Law and religion round-up – 21st February

COVID-19 and closure of churches in Scotland

Lawyers acting on behalf of a Roman Catholic priest in Glasgow, Canon Tom White, have issued a pre-action letter to the Scottish Government demanding that it end the blanket ban on places of worship. The action is being supported by ADF International. A response must be made before Tuesday: watch this space.

Hate Crime and Public Order (Scotland) Bill

The Scottish Parliament Justice Committee is holding a special meeting tomorrow afternoon to consider four Freedom of Expression amendment options and have issued a call for evidence to be sent by 10.00 am tomorrow. The Scottish Government is proposing four options for consideration and has stated that none of them is preferred over another. The Justice Secretary’s thinking behind the four options is set out here. [With thanks to David Bradwell.]

Thirtyone:eight review: Jonathan Fletcher and Emmanuel Church Wimbledon

On 16 January 2021, Thirtyone:eight reported that the publication of its Independent lessons learnt review concerning Jonathan Fletcher and Emmanuel Church Wimbledon is planned to take place in March 2021. Thirtyone:eight will be issuing an update in early March with the expected publication date, and where interested parties may be able to view the report. It confirms that the review has been of interest to the Metropolitan Police and discussions with them are ongoing in relation to this. As a consequence, “the exact date for publication will to some degree be determined by the outcome of these discussions”. All affected participants in the review have been contacted to inform them of the interest from the Metropolitan Police in advance of this public statement.

UN Committee on the Rights of the Child and freedom religion and belief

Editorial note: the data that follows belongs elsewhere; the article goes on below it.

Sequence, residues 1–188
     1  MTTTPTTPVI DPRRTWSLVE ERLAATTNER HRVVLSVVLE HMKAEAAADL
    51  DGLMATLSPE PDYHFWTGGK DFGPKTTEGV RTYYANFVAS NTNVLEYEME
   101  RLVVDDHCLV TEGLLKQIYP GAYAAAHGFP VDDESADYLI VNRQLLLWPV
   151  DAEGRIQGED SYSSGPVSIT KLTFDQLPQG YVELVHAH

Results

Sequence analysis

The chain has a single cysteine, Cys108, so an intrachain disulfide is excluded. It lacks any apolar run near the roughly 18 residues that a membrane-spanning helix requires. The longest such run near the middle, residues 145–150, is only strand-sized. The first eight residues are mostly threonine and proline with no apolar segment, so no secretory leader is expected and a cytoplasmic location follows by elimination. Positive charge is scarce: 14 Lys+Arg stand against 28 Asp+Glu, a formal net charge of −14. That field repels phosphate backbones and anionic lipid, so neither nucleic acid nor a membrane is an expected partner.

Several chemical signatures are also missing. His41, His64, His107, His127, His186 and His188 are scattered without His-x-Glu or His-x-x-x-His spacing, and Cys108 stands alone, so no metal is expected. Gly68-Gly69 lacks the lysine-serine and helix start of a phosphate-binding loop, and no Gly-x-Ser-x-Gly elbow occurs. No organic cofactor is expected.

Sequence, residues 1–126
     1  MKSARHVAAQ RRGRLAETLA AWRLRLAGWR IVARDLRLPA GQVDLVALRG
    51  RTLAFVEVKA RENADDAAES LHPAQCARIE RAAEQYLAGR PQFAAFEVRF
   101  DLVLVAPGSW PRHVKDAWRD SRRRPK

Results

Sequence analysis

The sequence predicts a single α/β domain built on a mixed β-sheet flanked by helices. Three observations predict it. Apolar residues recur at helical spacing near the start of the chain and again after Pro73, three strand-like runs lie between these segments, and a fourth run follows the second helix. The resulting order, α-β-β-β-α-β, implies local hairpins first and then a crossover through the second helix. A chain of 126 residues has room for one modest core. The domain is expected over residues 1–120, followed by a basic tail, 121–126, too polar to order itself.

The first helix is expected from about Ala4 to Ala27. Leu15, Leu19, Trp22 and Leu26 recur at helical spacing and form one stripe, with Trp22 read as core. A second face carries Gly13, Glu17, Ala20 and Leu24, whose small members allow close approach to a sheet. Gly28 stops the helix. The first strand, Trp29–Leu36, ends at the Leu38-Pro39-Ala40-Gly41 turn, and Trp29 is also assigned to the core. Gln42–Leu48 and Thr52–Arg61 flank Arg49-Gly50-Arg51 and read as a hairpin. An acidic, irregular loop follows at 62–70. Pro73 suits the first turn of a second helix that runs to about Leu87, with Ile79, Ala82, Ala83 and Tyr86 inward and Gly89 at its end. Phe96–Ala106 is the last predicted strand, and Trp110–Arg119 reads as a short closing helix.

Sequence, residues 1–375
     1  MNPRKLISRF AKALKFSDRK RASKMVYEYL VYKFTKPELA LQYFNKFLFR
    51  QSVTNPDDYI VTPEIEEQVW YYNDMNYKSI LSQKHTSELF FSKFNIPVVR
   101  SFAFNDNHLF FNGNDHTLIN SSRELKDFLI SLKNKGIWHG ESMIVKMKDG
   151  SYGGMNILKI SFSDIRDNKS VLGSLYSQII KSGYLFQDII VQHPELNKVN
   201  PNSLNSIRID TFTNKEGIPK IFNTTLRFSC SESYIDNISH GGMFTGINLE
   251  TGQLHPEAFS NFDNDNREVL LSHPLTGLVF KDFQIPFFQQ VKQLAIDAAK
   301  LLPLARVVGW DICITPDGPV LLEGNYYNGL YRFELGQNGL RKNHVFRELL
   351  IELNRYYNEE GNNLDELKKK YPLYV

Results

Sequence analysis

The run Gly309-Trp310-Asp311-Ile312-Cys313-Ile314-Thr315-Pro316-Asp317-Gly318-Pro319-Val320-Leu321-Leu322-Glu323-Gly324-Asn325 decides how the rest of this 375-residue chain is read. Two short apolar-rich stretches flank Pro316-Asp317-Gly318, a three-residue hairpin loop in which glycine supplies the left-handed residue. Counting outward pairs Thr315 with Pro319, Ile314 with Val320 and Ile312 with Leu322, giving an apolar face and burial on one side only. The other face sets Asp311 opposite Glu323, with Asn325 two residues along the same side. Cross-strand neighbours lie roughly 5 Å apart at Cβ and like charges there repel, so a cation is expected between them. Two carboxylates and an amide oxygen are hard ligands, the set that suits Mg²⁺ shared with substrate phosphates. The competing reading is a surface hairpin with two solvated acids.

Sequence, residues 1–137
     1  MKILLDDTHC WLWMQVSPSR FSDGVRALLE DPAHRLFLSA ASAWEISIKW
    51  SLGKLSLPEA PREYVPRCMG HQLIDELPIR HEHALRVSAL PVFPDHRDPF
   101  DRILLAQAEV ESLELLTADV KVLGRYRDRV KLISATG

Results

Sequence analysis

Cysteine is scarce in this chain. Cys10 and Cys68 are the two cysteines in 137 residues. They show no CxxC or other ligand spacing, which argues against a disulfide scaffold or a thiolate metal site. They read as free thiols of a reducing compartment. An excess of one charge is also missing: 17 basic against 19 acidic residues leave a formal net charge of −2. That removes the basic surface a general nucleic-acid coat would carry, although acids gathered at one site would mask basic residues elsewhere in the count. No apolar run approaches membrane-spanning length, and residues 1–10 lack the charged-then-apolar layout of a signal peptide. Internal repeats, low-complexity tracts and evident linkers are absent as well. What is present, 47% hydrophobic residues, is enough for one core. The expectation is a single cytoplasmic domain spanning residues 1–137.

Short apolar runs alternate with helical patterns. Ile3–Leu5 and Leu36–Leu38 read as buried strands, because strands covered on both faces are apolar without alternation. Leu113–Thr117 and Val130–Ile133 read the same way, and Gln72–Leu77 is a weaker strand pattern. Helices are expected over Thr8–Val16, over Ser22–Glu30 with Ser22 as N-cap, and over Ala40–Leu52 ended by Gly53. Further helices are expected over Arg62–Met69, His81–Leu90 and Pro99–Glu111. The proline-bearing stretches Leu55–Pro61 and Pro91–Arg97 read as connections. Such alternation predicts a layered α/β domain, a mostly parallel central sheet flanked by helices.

The UN Committee on the Rights of the Child has sent the UK Government a List of issues prior to submission of the combined sixth and seventh reports of United Kingdom of Great Britain and Northern Ireland and has requested a written response to the points raised, if possible before 15 February 2022. On the issue of freedom of expression, religion, association and peaceful assembly in particular, it asks the Government to “describe the measures taken to:

(a) Repeal legal provisions for compulsory attendance at collective worship in publicly funded schools and ensure that children can independently exercise the right to withdraw from religious observance at school;

(b) Ensure that counter-terrorism measures, including the Prevent Strategy, do not undermine children’s rights to freedom of expression, thought, conscience and religion;

(c) Guarantee children’s right to freedom of movement and peaceful assembly, including by prohibiting the use of acoustic devices to disperse public gatherings of young people (so-called ‘mosquito devices’)”.

Call for C of E guidance on achievement of “net zero” GHG emissions

In his judgment Re St Mary Oxted [2021] ECC Swk 1, Chancellor Philip Petchey granted an interim faculty for a new church boiler in view of the urgent need to replace the old one. However, he expressed reservations about approving a gas-fired boiler, bearing in mind the policy of the Church of England to achieve carbon neutrality by 2030, and stated:

“[8]. …decisions about carbon neutrality should be taken at parish level and … it is not for Chancellors to seek to impose solutions through the clumsy mechanism of refusing otherwise acceptable proposals. But it does seem that, absent new technology coming to the rescue, the effect of a whole series of decisions like the one in the present case is likely to lead to the 2030 target being missed. I consider that this should be addressed in the guidance given to parishes by the National Church about the achievement of carbon neutrality and how they should address competing priorities in the formulation of their budgets